The slab moves back and forth, in a slow rhythm that comforts you. You smile despite the pain that burns through your entire back, the pain means you are not dead yet even though your head tells you the white room is a kind of heaven. You suddenly wonder if a CT scan used “harmful radiation” and if it is even necessary that you are here to do this.
You should be sitting behind your laptop in your office surrounded by windows. It’s the time of the month you replenish your supplies, you’re supposed to be writing quantities on a spreadsheet. It shouldn’t be you who’s spread on a plastic-like bench being passed through a machine. It shouldn’t be you who is checked for nerve damage by an expensive machine after the X-rays had shown a broken vertebra
You didn’t know when you left home with thoughts of pending reports on your mind that you wouldn’t get to work on your own steam, that crossing a road as you have done a hundred times will nearly take your life and leave you with bruises and a fractured L2. That it will be people who do not know your name or ethnic group that will put you in their car and take you to the hospital after the person who’s car flung you across the road disappeared like a yellow bellied coward. The good Samaritan was one of your favourite stories as a child, it’s not a story that comes to you often these days… Today, it did.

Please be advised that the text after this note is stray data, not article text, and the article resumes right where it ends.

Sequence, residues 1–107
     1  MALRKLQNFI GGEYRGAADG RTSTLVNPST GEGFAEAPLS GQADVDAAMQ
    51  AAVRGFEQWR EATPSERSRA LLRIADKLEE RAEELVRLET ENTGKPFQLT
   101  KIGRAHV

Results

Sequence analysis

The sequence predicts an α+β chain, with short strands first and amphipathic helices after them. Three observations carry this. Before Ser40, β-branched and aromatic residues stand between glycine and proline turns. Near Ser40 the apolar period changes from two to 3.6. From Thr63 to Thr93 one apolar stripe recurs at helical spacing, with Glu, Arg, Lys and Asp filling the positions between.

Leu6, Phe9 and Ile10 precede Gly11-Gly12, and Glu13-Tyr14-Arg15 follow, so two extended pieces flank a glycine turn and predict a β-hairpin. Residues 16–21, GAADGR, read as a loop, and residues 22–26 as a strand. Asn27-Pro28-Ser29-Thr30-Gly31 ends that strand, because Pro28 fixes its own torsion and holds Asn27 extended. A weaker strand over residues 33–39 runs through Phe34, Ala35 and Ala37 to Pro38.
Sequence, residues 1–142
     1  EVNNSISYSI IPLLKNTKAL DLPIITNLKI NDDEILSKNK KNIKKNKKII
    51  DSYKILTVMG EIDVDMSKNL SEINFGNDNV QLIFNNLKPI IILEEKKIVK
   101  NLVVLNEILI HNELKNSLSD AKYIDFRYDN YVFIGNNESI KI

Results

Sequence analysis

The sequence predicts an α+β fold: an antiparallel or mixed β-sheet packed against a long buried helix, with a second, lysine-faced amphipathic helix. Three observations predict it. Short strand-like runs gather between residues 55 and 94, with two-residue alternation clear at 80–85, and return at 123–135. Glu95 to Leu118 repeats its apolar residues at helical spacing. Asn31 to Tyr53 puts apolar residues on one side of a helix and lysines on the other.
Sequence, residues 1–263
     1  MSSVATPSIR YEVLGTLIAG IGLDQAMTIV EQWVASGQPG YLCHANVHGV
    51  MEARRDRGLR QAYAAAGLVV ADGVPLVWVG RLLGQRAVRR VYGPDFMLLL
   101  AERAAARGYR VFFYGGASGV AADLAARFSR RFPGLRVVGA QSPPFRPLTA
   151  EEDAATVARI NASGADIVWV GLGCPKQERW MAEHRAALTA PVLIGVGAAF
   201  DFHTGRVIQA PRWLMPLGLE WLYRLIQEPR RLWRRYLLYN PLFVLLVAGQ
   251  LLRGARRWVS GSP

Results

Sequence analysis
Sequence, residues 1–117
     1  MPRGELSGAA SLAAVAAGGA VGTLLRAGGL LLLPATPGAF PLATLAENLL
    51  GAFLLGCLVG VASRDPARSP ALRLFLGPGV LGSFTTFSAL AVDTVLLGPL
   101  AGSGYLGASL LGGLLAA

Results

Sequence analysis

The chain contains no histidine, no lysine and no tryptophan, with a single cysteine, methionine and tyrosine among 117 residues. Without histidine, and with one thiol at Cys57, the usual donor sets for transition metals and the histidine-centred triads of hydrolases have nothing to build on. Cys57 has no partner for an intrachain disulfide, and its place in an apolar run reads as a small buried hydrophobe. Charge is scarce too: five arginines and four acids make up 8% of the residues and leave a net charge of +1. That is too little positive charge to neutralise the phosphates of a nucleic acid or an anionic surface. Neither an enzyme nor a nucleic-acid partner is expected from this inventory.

You have tried without success to remember how it happened, how you transited from crossing a road to waking up with pain in your nostrils from the water that wet your face and clothes. They were saying “general hospital” those men, as the car ate up miles and a gentle hand stroked your head. Dread filled your cells as you realise that whatever happened to you must have been grave enough for them to insist on a big hospital, so you tell them to take you to your hospital where you know you’ll see a doctor immediately you get in.
“Where are my glasses, I need them to finish my report”
“Report ke, better stay one place let’s see the extent of your injuries” the matron’s voice smothered your whining.
“We didn’t see your glasses” a nurse intoned gravely and you began to cry.
“See this one o, it’s like you’re not grateful you’re alive. Shebi you have contacts, be wearing them” matron clicked her tongue as she spoke, in that manner that always reminded you of a cobra. You try to turn to hide your face and cry some more but you are frozen by pain.
Several x-rays and injections later- the battles you fought before each injection is the stuff of legend, every one banded to accuse you of being their worst patient.
“Pharmacists never like to take drugs” a nurse quips and you could have happily removed her teeth in that instant. They give you a bed upstairs to sleep off the sedatives but you get bored and leave the room with the metal edges of your lumbar corset digging into your tender skin.
You head for the reception as your brother walks in and asks of you, his face dissolved as he sees you walk down the stairs. As you hold him and wipe the tears that come in a torrent, you realise just how lucky you were, how different the end of this story could have been.
You shudder as it hits you, eleven days before your birthday and your father’s, you could have been another slab with formalin clinging to the air and that one would have no soothing back and forth rhythm. You hold your brother again and breathe thanks to Jehovah as the pain wracks your body in burning sympathy.